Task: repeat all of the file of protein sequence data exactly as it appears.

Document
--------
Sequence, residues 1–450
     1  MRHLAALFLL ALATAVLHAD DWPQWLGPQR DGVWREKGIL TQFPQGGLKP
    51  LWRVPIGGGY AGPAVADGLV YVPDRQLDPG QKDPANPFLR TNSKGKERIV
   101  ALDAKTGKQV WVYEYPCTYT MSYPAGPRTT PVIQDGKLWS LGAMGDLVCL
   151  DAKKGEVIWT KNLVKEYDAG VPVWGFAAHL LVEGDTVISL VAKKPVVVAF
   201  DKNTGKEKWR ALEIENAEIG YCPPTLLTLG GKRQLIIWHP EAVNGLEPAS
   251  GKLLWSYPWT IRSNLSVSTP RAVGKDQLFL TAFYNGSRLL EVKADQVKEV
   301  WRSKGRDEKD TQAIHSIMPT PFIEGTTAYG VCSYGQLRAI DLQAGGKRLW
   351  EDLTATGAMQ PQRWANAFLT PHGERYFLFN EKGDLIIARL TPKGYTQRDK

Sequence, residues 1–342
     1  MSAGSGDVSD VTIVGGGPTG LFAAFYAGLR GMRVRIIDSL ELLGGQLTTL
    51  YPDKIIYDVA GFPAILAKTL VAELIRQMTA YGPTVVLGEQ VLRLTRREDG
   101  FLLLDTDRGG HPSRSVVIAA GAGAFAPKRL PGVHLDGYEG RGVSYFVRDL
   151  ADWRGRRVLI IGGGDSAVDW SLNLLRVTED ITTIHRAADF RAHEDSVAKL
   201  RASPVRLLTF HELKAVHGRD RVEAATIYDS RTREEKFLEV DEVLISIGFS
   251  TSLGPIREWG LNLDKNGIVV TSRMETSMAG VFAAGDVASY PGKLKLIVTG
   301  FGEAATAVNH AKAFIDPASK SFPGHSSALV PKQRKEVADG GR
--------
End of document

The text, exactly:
Sequence, residues 1–450
     1  MRHLAALFLL ALATAVLHAD DWPQWLGPQR DGVWREKGIL TQFPQGGLKP
    51  LWRVPIGGGY AGPAVADGLV YVPDRQLDPG QKDPANPFLR TNSKGKERIV
   101  ALDAKTGKQV WVYEYPCTYT MSYPAGPRTT PVIQDGKLWS LGAMGDLVCL
   151  DAKKGEVIWT KNLVKEYDAG VPVWGFAAHL LVEGDTVISL VAKKPVVVAF
   201  DKNTGKEKWR ALEIENAEIG YCPPTLLTLG GKRQLIIWHP EAVNGLEPAS
   251  GKLLWSYPWT IRSNLSVSTP RAVGKDQLFL TAFYNGSRLL EVKADQVKEV
   301  WRSKGRDEKD TQAIHSIMPT PFIEGTTAYG VCSYGQLRAI DLQAGGKRLW
   351  EDLTATGAMQ PQRWANAFLT PHGERYFLFN EKGDLIIARL TPKGYTQRDK

Sequence, residues 1–342
     1  MSAGSGDVSD VTIVGGGPTG LFAAFYAGLR GMRVRIIDSL ELLGGQLTTL
    51  YPDKIIYDVA GFPAILAKTL VAELIRQMTA YGPTVVLGEQ VLRLTRREDG
   101  FLLLDTDRGG HPSRSVVIAA GAGAFAPKRL PGVHLDGYEG RGVSYFVRDL
   151  ADWRGRRVLI IGGGDSAVDW SLNLLRVTED ITTIHRAADF RAHEDSVAKL
   201  RASPVRLLTF HELKAVHGRD RVEAATIYDS RTREEKFLEV DEVLISIGFS
   251  TSLGPIREWG LNLDKNGIVV TSRMETSMAG VFAAGDVASY PGKLKLIVTG
   301  FGEAATAVNH AKAFIDPASK SFPGHSSALV PKQRKEVADG GR